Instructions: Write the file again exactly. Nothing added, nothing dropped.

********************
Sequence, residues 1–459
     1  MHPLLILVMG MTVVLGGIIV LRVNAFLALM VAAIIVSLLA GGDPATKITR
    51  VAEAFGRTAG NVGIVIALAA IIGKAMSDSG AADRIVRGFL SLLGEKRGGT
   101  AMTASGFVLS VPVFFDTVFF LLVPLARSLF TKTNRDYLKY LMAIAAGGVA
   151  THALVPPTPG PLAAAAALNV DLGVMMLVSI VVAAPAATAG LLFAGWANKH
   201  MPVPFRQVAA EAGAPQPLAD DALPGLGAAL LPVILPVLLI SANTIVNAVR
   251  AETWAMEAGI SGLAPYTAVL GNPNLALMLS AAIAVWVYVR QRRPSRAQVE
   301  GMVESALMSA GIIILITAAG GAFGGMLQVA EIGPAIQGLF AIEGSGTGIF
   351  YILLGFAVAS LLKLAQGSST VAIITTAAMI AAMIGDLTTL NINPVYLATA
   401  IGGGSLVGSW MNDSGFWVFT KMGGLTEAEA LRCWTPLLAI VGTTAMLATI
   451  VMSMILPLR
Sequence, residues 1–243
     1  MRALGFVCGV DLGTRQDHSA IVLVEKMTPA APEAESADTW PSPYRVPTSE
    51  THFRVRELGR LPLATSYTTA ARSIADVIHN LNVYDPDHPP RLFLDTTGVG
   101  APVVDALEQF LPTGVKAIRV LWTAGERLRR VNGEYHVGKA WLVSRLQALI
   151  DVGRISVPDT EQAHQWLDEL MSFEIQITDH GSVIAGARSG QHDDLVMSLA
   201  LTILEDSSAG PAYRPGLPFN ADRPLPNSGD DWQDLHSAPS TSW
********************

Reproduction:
Sequence, residues 1–459
     1  MHPLLILVMG MTVVLGGIIV LRVNAFLALM VAAIIVSLLA GGDPATKITR
    51  VAEAFGRTAG NVGIVIALAA IIGKAMSDSG AADRIVRGFL SLLGEKRGGT
   101  AMTASGFVLS VPVFFDTVFF LLVPLARSLF TKTNRDYLKY LMAIAAGGVA
   151  THALVPPTPG PLAAAAALNV DLGVMMLVSI VVAAPAATAG LLFAGWANKH
   201  MPVPFRQVAA EAGAPQPLAD DALPGLGAAL LPVILPVLLI SANTIVNAVR
   251  AETWAMEAGI SGLAPYTAVL GNPNLALMLS AAIAVWVYVR QRRPSRAQVE
   301  GMVESALMSA GIIILITAAG GAFGGMLQVA EIGPAIQGLF AIEGSGTGIF
   351  YILLGFAVAS LLKLAQGSST VAIITTAAMI AAMIGDLTTL NINPVYLATA
   401  IGGGSLVGSW MNDSGFWVFT KMGGLTEAEA LRCWTPLLAI VGTTAMLATI
   451  VMSMILPLR
Sequence, residues 1–243
     1  MRALGFVCGV DLGTRQDHSA IVLVEKMTPA APEAESADTW PSPYRVPTSE
    51  THFRVRELGR LPLATSYTTA ARSIADVIHN LNVYDPDHPP RLFLDTTGVG
   101  APVVDALEQF LPTGVKAIRV LWTAGERLRR VNGEYHVGKA WLVSRLQALI
   151  DVGRISVPDT EQAHQWLDEL MSFEIQITDH GSVIAGARSG QHDDLVMSLA
   201  LTILEDSSAG PAYRPGLPFN ADRPLPNSGD DWQDLHSAPS TSW